How to track the performance of new domain name extensions

It’s safe to say there are more new domain name extensions out there than any of us can remember. There are some clear leaders when it comes to registrations like .XYZ and .CLUB, .TOP and .WIN, but did you know that .LOAN is in the top ten along with new extensions like .BID? Probably not, unless of course, you’re a domain geek like me in which case you can skip this article because what I’m going to tell you is something you already know.

I’m talking about how to stay on top of the statistics behind the new domain name extensions (or new gTLDs as they say in the Domaining world) without writing custom software or trying to sort through data yourself. Lucky for all of us this is pretty darn easy to do and you can get all of this data for free thanks to my personal go-to for stats – nTLDStats:

ntld-stats

When you first go to the site you can simply click the “New gTLDs” link at the top (or just click here) and you’ll instantly see a list of the top new domain name extensions along with who their backend provider is and other handy information that you might want to know. If you want to integrate some of this data on your own site, nTLDStats recently came out with a beta of their API so if you have some dev chops you can build something completely customized.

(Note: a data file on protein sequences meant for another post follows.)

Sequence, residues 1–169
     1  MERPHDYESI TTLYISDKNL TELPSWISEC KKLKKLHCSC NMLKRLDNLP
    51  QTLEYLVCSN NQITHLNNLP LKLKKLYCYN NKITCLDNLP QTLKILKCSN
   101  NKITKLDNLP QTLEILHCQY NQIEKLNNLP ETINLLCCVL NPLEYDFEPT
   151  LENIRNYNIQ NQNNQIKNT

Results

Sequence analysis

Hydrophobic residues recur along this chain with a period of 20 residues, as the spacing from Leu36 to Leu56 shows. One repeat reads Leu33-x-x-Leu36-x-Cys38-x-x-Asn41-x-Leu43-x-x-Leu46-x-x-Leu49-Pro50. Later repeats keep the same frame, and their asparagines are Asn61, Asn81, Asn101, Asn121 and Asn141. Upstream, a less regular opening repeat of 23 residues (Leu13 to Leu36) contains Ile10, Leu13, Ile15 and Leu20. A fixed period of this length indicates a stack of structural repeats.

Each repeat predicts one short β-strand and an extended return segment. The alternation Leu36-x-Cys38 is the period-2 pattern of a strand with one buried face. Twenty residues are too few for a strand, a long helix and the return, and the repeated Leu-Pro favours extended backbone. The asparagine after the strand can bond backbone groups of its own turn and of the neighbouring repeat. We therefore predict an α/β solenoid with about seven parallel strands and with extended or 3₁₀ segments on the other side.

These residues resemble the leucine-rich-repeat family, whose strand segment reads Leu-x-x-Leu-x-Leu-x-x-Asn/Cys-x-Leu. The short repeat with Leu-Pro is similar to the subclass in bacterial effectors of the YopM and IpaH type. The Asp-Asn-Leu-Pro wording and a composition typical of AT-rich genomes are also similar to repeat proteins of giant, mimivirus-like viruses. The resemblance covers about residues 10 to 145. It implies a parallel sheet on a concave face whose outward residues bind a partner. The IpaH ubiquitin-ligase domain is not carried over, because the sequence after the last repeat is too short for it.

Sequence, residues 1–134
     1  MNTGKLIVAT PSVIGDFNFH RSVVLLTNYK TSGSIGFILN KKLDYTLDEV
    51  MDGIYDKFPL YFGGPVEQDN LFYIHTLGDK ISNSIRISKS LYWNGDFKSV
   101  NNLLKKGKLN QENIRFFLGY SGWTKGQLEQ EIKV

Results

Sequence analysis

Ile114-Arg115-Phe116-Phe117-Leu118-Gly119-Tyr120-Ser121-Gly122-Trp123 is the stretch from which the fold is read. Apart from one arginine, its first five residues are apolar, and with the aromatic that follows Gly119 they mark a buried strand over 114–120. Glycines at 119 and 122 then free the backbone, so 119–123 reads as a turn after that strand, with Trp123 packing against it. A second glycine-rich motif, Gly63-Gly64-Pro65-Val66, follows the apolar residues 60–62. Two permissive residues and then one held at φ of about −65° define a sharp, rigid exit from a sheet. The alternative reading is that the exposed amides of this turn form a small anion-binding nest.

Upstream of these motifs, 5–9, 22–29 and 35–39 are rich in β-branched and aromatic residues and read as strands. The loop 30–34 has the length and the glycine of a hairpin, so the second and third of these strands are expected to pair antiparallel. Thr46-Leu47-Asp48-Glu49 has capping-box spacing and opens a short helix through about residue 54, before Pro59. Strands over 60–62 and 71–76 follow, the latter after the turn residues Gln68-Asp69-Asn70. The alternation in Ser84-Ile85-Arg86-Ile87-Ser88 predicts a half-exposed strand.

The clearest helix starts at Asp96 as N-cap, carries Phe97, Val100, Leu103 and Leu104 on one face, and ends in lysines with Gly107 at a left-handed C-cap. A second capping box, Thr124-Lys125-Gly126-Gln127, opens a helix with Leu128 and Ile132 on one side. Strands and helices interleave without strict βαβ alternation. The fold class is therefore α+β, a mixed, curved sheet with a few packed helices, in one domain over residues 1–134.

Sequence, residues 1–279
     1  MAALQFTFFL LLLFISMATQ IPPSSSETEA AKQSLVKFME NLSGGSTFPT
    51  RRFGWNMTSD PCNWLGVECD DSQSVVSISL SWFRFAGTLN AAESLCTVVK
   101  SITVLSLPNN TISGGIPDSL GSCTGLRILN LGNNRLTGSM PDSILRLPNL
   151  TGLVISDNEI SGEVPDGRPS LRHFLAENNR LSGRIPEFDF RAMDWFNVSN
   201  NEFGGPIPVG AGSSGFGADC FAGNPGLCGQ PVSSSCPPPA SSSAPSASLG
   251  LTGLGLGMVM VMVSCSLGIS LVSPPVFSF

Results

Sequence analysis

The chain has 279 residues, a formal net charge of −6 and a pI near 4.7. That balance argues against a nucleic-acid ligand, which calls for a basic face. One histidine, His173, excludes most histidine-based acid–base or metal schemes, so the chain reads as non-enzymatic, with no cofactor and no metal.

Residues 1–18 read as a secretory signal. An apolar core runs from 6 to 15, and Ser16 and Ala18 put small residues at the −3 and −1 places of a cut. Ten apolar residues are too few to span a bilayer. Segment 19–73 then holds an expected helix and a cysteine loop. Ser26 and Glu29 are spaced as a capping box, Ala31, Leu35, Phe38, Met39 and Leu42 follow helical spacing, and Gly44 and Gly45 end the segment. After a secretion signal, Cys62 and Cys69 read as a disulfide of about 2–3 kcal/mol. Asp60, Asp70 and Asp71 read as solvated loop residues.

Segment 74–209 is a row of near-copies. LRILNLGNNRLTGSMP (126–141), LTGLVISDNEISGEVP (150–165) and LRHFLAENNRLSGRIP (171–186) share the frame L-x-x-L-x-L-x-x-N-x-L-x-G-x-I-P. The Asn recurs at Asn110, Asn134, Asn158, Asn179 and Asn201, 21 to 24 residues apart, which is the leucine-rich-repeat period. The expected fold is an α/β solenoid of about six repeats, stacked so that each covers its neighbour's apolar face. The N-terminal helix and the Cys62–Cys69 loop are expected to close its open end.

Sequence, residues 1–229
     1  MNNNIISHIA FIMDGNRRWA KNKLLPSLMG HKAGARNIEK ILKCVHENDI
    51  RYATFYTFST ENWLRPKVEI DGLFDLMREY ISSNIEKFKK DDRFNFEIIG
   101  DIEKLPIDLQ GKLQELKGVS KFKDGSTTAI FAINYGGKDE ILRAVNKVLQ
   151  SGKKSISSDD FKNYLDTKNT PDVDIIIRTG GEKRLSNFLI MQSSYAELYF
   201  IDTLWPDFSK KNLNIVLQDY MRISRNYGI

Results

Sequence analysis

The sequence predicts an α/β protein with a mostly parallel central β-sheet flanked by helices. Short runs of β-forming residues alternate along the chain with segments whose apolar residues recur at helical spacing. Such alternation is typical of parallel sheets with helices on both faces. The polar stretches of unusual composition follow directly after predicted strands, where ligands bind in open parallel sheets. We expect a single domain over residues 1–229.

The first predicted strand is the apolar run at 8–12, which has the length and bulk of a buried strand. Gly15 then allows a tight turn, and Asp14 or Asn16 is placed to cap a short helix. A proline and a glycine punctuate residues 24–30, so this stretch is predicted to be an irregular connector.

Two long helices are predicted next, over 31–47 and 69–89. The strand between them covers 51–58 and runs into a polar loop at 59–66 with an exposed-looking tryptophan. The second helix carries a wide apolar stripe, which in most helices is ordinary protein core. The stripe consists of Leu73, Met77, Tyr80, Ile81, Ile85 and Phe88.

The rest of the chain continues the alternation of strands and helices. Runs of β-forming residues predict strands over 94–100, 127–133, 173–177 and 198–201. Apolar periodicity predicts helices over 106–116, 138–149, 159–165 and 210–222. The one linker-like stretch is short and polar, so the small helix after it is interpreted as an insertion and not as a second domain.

There’s also a new service out there, or at least new to me, that popular domain name investor and new domain extension owner Frank Schilling was tweeting about over the weekend called NamePulse.

NamePulse

While NamePulse isn’t a free option (plans start at $500/month) it does look like a pretty badass service for registrars and registry operators to use to really do a deep dive into new gTLD stats.

namepulse-site

While $500 might sound like a lot of money to you, if you’re a registrar or registry making millions of dollars a year this really is a drop in the bucket for access to all this data. If anyone from NamePulse is reading this, I would of course be happy to have a “Media/Bloggers” version that I might be able to use to share some of the awesome data you guys are putting together, but I know this might be a bit of a pipedream given the complexity of running a service like this.

So if you want to do a deep dive into how the new domain name extensions are performing you have two options, one that’s free and offers plenty of great data, and another that’s not free but looks like it goes a bit deeper. Either way, there’s not excuse to not stay well-informed about how the new domain extensions are doing.

Let me know if there are other services out there you would recommend? I can’t say I’ve done a lot of searching since nTLDStats has been my go-to for a while now and I just heard about NamePulse this weekend. Is there anything else out there that my readers should know about?

 

{ 3 comments… add one }

  • Michael January 9, 2017, 12:36 am

    .top never heard of it , is this not a United States domain extension ? 😂 But I’m glade there in top!

    Reply
  • Michael January 9, 2017, 12:44 am

    Morgan the title of this post , I thought you were going to talk about how new tld’s are doing as websites not who is selling the most of there new extension .

    Reply
  • Domo Sapiens January 9, 2017, 10:12 am

    Talk is cheap!
    Morgan,
    When will your Blog start using a new extension?
    and abandon Dot Com…

    Reply

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